Friday, July 16, 2010

Workshop: The Tools

Without the right tools, it's hard to accomplish really anything.

I'm on a budget, so I had to spend my money wisely on the right tools that will help me get the job done and that will also last long enough.

I'm the kind of guy who likes to etch his own PCBs, so I needed a tool to make the pin holes for the electrical components, and this need led me to the Dremel 300. It came with 24 accesories that I'm slowly finding use to. In the electronics lab where I used to take classes, we had a work station to use the Dremel, and it was as easy as pulling a lever to make those pin holes straight. That led me to finding necessary the Dremel 220 Work Station. The Dremel 300 came D.O.A., but I shipped it to the Dremel facilities with my proof of purchase, and they returned it back fixed at no extra cost to me.

Sometimes you need a strong and steady hand to hold your PCB when drilling or soldering, and since I had already seen a vise at the electronics lab, I knew what I had to get. The PanaVise 301 was my choice: it is heavy and has nice grip.

After you have a tool like the Denali Cordless Screwdriver, friends will tell you how lazy you are.
But in my case, I don't care! I removed a motherboard, power supply and drives from a computer case in just a few minutes, a task that would have taken me about 3 times that with a simple screwdriver.
It comes with a wall charger that you can hang on the wall with two screws. It's not very powerful, but will get the job done in most cases... but you wouldn't want it to be too powerful either, right?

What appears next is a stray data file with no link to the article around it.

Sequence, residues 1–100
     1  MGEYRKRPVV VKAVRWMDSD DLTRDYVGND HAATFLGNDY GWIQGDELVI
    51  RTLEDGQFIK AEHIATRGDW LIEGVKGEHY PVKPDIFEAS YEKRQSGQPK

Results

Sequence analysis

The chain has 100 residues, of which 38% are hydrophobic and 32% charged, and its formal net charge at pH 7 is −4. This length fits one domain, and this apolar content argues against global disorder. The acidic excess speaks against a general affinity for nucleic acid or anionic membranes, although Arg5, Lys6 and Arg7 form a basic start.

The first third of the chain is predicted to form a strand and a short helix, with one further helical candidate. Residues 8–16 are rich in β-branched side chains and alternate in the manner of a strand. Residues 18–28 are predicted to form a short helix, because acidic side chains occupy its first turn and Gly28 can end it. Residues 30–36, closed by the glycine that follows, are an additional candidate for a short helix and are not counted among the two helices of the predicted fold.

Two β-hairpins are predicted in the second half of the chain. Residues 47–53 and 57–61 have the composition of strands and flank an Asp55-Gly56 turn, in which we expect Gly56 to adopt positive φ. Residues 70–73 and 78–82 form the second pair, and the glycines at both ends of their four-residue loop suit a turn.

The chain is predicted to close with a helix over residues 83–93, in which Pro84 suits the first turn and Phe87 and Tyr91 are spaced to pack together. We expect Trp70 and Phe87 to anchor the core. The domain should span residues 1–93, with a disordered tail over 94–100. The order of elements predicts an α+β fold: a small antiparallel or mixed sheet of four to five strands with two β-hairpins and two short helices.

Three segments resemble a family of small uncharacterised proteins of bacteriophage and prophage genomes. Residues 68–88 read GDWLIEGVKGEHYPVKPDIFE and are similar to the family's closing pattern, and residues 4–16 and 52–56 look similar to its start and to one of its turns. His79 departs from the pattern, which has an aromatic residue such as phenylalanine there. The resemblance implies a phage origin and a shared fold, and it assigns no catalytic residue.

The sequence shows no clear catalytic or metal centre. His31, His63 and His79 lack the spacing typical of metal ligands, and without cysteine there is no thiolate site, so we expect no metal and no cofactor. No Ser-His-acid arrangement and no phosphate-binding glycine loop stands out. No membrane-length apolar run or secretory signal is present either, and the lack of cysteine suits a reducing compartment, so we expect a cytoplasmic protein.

This is the kit I got so that I didn't have to go buying all the standard tools separately. From the image you can see what the Denali 115-Piece Tool Kit is all about. The carrying bag is pretty handy. The two things that I found missing here are the mini/small pliers used in electronics and the precision screwdrivers, so I had to get those separately.

For the tough holes, I got the Black & Decker DR550 Drill, it's quite powerful when in use, and sounds like a turbine because of the design used to take the heat out of it.

It's hard to desolder boards without the right tool, so I got the Kawasaki 840015 Heat Gun, which does the job nicely. It's packed with a few jets for scraping and the like, as well as scraper handle. You can also use this baby with shrinking tubes... it is indeed a bit big for such task but it just works.

To strip wires, I bought the Irwin Self-Adjusting Wire Stripper, which I found a bit pricey for what it does but in the end it was a good decision. No longer I have cut wires while trying to strip it with pliers. You can adjust the length of the wire that you want exposed with this tool.

Thanks for reading.

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